Reed’s experience is becoming ever more rare in an NBA made over with stars who never finished college - if they went at all.

"Kids today miss that," said Reed, who led GSU to three Southwestern Athletic Conference titles. "They come right into the pros. College was the right place at the right time."

The Hornets selected their own high-school phenom this year, choosing J.R. Smith out of St. Benedict’s Prep in Newark, N.J., with the 18th pick in the NBA Draft. Smith was one of a record eight prep seniors chosen in the first round.

"What it has forced NBA teams to do is rethink how they do things," Reed said. "Coaching staffs have become much larger, because you have to have developmental programs for younger players. After the draft, we met with the ownership and we are talking about how and what we need to do to get ready for a player as young as J.R."

Born in Hico - a town so small, Reed once said, that "they don’t even have a population" - he grew up in Bernice in Union Parish.

After attending Westside High School in the late 1950s, Reed walked off his front porch to stardom just 26 miles south in Grambling.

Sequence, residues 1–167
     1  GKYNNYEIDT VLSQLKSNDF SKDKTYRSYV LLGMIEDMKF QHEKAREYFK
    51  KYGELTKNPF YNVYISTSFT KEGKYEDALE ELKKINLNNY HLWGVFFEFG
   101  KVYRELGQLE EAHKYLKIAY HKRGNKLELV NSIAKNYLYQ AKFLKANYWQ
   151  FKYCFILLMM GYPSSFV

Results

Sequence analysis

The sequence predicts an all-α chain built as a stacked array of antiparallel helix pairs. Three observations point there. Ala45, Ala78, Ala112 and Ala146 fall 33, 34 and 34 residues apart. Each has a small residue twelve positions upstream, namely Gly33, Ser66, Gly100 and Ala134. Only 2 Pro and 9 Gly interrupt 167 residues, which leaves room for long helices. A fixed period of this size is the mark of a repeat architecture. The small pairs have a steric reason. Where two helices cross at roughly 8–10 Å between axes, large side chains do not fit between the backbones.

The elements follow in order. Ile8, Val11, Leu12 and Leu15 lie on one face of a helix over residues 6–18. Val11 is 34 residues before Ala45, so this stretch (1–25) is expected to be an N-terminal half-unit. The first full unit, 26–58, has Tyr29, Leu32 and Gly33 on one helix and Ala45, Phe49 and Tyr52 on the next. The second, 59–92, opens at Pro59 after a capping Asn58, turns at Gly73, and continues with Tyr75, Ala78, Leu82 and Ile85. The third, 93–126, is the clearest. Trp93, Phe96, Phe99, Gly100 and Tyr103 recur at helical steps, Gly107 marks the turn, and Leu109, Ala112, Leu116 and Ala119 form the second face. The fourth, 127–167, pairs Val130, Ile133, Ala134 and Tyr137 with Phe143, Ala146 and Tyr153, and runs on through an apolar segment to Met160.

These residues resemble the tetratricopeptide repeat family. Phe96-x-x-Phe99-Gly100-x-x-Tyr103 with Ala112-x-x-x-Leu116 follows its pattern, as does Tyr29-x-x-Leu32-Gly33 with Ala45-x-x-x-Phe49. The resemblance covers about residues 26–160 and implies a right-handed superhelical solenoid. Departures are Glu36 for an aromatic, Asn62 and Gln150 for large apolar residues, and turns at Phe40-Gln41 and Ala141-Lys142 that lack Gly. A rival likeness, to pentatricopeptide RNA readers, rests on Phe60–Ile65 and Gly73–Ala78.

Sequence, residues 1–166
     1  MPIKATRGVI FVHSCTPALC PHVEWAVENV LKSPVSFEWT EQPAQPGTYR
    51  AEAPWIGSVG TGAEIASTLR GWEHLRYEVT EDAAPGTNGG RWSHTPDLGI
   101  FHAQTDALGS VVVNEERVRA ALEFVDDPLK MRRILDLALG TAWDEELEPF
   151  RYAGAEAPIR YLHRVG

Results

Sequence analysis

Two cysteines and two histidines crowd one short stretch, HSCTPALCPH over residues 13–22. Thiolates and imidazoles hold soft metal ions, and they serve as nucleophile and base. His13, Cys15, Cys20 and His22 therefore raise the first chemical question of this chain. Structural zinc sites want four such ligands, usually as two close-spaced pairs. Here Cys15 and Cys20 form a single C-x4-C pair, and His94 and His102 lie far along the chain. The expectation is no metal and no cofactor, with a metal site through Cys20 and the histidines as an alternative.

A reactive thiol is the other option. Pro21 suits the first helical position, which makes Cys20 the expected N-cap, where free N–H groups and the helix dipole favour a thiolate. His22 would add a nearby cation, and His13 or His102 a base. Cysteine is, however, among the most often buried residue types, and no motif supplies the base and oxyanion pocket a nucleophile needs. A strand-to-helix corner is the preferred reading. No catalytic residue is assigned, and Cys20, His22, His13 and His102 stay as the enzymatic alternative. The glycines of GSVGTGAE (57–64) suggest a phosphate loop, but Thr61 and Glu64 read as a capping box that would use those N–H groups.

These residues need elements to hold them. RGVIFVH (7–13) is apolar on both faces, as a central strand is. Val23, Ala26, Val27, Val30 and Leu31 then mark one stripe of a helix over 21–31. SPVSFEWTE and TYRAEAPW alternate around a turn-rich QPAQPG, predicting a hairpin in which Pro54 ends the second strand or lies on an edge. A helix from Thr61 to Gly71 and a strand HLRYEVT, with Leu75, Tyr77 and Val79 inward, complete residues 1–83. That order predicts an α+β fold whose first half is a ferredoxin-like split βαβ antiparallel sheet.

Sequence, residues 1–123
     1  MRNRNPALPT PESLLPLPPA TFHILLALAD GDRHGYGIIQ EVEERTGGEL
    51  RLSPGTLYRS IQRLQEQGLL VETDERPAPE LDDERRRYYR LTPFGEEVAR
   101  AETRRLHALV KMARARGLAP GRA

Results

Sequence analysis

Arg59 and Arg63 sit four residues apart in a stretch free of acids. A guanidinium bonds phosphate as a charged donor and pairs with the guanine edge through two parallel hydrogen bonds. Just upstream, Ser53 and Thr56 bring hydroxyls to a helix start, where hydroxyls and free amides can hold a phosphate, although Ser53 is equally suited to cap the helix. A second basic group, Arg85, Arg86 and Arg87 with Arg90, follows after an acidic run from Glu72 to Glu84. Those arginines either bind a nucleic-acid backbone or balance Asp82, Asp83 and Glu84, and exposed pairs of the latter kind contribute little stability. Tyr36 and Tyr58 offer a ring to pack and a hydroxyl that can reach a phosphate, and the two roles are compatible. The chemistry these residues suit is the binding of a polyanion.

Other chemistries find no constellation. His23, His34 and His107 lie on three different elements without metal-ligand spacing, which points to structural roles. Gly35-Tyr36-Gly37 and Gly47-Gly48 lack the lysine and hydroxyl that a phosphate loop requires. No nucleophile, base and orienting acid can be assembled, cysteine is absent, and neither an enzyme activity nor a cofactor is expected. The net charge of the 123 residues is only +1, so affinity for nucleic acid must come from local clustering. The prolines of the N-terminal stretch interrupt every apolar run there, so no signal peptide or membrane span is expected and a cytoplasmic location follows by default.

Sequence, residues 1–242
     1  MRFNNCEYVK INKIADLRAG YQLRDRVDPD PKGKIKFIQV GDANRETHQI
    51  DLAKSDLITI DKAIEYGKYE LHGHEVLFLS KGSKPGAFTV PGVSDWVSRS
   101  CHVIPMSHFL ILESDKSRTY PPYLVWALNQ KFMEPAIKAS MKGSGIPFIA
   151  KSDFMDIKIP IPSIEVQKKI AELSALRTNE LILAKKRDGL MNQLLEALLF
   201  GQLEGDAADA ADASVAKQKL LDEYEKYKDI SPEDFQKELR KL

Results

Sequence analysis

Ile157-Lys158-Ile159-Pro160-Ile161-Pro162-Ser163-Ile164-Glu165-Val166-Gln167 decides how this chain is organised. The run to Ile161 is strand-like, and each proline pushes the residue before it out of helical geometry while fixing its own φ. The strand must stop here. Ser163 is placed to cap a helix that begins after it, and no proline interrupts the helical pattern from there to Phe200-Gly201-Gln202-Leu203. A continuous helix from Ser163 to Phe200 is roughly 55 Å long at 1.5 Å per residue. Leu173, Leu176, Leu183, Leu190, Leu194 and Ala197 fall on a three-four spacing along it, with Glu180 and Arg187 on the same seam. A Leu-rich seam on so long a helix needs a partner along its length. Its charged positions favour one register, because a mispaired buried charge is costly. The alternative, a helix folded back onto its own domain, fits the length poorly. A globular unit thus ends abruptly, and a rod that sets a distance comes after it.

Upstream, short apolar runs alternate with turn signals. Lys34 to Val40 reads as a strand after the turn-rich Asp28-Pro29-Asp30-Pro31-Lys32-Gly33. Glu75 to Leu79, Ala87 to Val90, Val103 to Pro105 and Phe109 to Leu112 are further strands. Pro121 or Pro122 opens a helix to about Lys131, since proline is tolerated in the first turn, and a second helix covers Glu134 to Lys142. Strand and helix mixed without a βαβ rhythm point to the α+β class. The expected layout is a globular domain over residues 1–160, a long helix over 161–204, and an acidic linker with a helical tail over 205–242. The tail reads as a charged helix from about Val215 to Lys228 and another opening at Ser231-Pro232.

He led the Tigers to the NAIA title as a freshman in 1961 - then to the NAIA Final Four in 1963 and 1964. Reed would score 2,280 career points, averaging 26.6 points and 21.3 rebounds during his senior year.

"I was blessed, growing up in Bernice and playing in Grambling and having the chance to play on a good team, to travel," Reed said. "I did everything I could have done at a major school at Grambling. That basketball program hasn’t been as good, because Division I is so much more difficult than the old NAIA."

Reed was one of 26 All-Americans who played for the late coach Fred Hobdy, a football player on Eddie Robinson’s legendary undefeated 1942 club. Hobdy, who later served as GSU’s athletics director, would amass a hoops record of 572-288.

"Fred had that program at its greatest during that time," said Collie J. Nicholson, the school’s sports information director from 1948-78. "The athletic programs were tops across the board back then. But as we tried to move into the big time for football, we left the NAIA."

Meanwhile, the New York Knicks were putting on a stunning display of basketball mediocrity, posting just one winning season in the 12 years between 1955-56 and 1966-67. All of that changed as Reed’s 10-year career got going.

He started fast. Selected by the Knicks in the second round of the 1964 draft, Reed was the NBA’s Rookie of the Year.

Reed was already having his best season as a pro - he’d been named the NBA’s regular-season most valuable player and the All-Star Game MVP - when a now-familiar pregame drama unfolded on May 8, 1970.